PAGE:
How do you really keep your kids safe from addiction?
From the moment our children are born, keeping them safe is second nature: we hold them close as they get their first shots, teach them to look both ways before crossing the street, and help them develop healthy habits that will nurture them throughout their lives. We hear very little, though, during the critical early years about how to protect our kids from the disease of addiction, despite the fact that addiction tends to begin in childhood.
90% of Americans with a substance use disorder began using substances before the age of 18.1
Addiction is a complex disease and there are many factors that contribute to a person’s overall level of risk. There are some risk factors for addiction that we cannot change—genetics, for example—but there are other critical ones—like delaying the age of first use and limiting access to substances—that we can impact.
This toolkit translates the science of prevention into ten evidence-based strategies parents can implement now, to build a strong foundation of health and wellness to help guide our children throughout their lives.10 Things Parents Can Do
- Talk early and often.
- Support healthy activities.
- Set clear expectations of no use.
- Establish clear consequences.
- It’s not your job to be cool.
- Do not provide alcohol or drugs to your teens.
- Pay attention.
- Make time for your child.
- Prioritize sleep.
- Intervene early.
1. The National Center on Addiction and Substance Abuse at Columbia University. (2011, June). Adolescent Substance Use: America’s #1 Public Health Problem. Retrieved from https:// www.centeronaddiction.org/addiction-research/reports/adolescent-substance-use-america%E2%80%99s-1-public-health-problem.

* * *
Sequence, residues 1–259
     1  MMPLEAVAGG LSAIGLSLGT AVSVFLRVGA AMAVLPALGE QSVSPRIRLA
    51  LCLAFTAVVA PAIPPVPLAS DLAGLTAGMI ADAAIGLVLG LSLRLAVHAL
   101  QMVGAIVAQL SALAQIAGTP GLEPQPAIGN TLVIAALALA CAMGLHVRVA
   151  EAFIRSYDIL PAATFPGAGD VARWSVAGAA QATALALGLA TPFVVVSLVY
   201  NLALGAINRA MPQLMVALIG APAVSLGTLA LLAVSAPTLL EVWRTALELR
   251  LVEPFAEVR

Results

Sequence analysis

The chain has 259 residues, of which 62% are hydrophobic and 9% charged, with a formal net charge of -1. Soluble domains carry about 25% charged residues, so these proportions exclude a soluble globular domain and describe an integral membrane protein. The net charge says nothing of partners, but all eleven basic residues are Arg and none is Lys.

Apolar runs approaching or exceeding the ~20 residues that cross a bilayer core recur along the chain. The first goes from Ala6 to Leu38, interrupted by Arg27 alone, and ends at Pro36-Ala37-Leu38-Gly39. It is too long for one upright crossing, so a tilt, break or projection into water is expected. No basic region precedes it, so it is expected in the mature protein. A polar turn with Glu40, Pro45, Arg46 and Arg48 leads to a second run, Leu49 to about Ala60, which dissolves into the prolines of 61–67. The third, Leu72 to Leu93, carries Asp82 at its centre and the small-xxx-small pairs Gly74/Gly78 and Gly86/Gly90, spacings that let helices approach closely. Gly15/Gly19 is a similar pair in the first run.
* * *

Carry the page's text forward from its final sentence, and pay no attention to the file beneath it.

The Addiction Resource Center (ARC) provides tools to help patients and families in crisis, including information about finding treatment, how to help a loved one engage in treatment, how to talk to a doctor, and getting an assessment. Visitors can find nearby treatment providers by searching the comprehensive database or calling the ARC line at 1-833-301-HELP (4357) for free, confidential support.
The AAP is committed to the optimal physical, mental, and social health and well-being for all infants, children, adolescents, and young adults.
CADCA represents over 5,000 community-based coalitions across the United States and in 22 countries working to create safe, healthy, and drug-free communities.
Many first time encounters with opioids happen with leftover prescription medications. Learn about medication safety and the ways to safely dispose of your old or unused medications.
Find videos, articles, books and other resources in this searchable portal to empower families to understand and address a child’s substance use.
Call 1-800-222-1222 for free help from an expert.
Check out these resources to help parents start—and keep up—the conversation about the dangers of underage drinking.